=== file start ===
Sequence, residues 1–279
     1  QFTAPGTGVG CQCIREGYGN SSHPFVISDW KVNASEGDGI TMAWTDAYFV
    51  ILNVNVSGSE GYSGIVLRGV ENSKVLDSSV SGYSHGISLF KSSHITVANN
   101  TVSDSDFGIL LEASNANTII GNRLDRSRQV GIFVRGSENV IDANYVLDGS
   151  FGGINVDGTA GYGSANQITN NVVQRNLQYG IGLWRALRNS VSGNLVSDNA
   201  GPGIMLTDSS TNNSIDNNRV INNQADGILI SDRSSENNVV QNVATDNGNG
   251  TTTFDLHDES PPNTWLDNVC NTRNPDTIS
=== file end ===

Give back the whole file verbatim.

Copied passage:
Sequence, residues 1–279
     1  QFTAPGTGVG CQCIREGYGN SSHPFVISDW KVNASEGDGI TMAWTDAYFV
    51  ILNVNVSGSE GYSGIVLRGV ENSKVLDSSV SGYSHGISLF KSSHITVANN
   101  TVSDSDFGIL LEASNANTII GNRLDRSRQV GIFVRGSENV IDANYVLDGS
   151  FGGINVDGTA GYGSANQITN NVVQRNLQYG IGLWRALRNS VSGNLVSDNA
   201  GPGIMLTDSS TNNSIDNNRV INNQADGILI SDRSSENNVV QNVATDNGNG
   251  TTTFDLHDES PPNTWLDNVC NTRNPDTIS